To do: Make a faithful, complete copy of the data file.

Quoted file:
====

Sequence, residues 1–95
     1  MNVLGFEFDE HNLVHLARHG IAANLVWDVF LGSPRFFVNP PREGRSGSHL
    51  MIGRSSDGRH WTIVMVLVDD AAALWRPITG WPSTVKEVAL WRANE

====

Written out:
Sequence, residues 1–95
     1  MNVLGFEFDE HNLVHLARHG IAANLVWDVF LGSPRFFVNP PREGRSGSHL
    51  MIGRSSDGRH WTIVMVLVDD AAALWRPITG WPSTVKEVAL WRANE